ANNAPOLIS -- Billionaire Ross Perot accepted the adulation of Marylanders who want him in the White House yesterday and then waded into an hourlong joust with a challenging national press corps.
Anxious to refute allegations that he had investigated everyone from President Bush's children to his own, Mr. Perot submitted to one of his first major encounters with reporters and seemed to enjoy it.
Asked if charges leveled at him so far during his undeclared candidacy prompted any second thoughts about running, Mr. Perot scoffed.
"This is Mickey Mouse tossed salad," he said. "This isn't tough."
His volunteer support team welcomed him with an artful amalgam of old-fashioned political rally and homecoming. The carefully staged event featured a brass band, a multitude of clever placards, a one-plane fly-over and a 24-boat flotilla.
The boats, one for every county and Baltimore, carried copies of the petitions collected to get Mr. Perot on Maryland's election ballot. A T-shirt, duplicated on one of the boats said, "Harford County Says: Cut the Loss . . . Vote For Ross . . . For Boss."
"Everywhere I go," he told a throng at the Annapolis City Dock, "there are people like you with stars in their eyes who are thrilled about taking their country back -- who are tired of talk and who want action."
Standing on the deck of a boat and facing the campus of his alma mater, the U.S. Naval Academy, Mr. Perot shook hands with an Uncle Sam look-alike, listened to a campaign song written in his honor and heard himself praised as a man who can guarantee America's future.
Given more to plain-speaking than stem-winding as a speaker, he brought praise of his own for those who collected signatures from about 150,000 Marylanders, well over the 63,000 needed. The process of certifying the signatures has already begun.
"You, the American people, have permanently changed American politics," he declared. "You've tapped Washington on the shoulder and said, 'Hey, fellas, wait a minute.' "
At a news conference in the Lowes Annapolis Hotel, he declared himself the victim of a "massive and false assault" -- by the Bush White House and by the media -- to redefine his personality and turn him into what one reporter called "a super snooper."
Exhibit No. 1 in his defense was a letter, written by President Bush on Dec. 24, 1986. Mr. Bush said then that he was "touched" by Mr. Perot's calls alerting him to reports then circulating of questionable activities by Mr. Bush's sons.
"These troubled times will pass but caring friends make it easier," the then-vice president wrote.
The undeclared candidate who has been criticized for refusing to offer detailed positions on the issues of this campaign also offered these observations:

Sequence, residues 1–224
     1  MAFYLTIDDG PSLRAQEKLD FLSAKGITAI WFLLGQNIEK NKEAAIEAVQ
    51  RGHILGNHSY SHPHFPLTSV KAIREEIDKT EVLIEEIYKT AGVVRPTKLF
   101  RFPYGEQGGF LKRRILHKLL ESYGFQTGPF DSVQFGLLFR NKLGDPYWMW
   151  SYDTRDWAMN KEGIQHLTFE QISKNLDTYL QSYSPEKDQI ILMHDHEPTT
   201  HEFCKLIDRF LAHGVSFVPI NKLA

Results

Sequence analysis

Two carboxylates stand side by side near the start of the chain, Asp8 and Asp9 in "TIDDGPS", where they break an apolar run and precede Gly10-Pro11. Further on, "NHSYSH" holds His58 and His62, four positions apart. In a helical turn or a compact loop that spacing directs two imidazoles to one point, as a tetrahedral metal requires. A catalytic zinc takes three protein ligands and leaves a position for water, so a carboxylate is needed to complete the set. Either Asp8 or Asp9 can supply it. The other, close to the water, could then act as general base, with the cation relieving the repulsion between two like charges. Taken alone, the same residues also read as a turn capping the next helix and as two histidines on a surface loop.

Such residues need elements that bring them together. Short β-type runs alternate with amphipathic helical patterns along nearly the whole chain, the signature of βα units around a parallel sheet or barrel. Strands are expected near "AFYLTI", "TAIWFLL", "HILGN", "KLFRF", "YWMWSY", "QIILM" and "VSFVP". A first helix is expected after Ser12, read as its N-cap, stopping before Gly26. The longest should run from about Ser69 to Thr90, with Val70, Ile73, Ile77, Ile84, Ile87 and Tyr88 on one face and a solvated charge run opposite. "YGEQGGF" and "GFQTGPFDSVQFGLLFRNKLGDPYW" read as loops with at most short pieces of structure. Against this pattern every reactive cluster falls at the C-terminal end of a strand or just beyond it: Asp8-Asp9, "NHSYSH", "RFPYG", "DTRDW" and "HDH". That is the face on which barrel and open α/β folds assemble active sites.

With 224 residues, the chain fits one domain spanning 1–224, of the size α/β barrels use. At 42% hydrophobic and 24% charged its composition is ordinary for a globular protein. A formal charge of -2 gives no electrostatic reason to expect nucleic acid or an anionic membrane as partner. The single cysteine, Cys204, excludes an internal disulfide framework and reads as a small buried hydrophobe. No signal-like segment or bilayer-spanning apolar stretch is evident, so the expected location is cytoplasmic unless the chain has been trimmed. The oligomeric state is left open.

* On sexual harassment: Referring to an incident at the NavalAcademy several years ago and by Navy pilots during a 1991 convention in Las Vegas, Mr. Perot said both were "absolutely inexcusable."
Asked if he thought women should have been admitted to the academy, he offered no personal opinion, saying only that the law required their admission.
* On civil rights: "Racial division" is an obstacle to progress. The ideal America needs no laws to compensate for prejudice and discrimination. And affirmative action can create stress in organizations. If a "less-talented person" is promoted over someone else, stress results.
Nevertheless, such measures may be necessary until the ideal of "personal good will" is more fully realized.
* On the export of jobs and industry: "If we can't make things in this country, we can't defend ourselves." His first goal as president, he said, would be to stabilize the job base and then expand it.
* On life in Washington: Government in the United States is organized as if the Cold War were still under way. No one gets action.
Police estimated that 4,000 people attended the rally. The Perot campaign said it counted 8,000. Others thought both figures were high.
Nor was everyone in the crowd a Perot backer. Cheryl Kagan, a supporter of Arkansas Gov. Bill Clinton, said she had come out of curiosity and was reassured to find a smaller crowd than she expected.
But supporters of Mr. Perot appeared confident that he would succeed where so many other political leaders had failed. Many politicians are well-intentioned, but something happens to them once they're elected, said Peter J. LaMonica, 70, a retired Navy medic from Elkton.
"I don't know if they're bought or what," he said. "Whatever happens to [the politicians] I don't know, but I don't think it would happen to Ross Perot."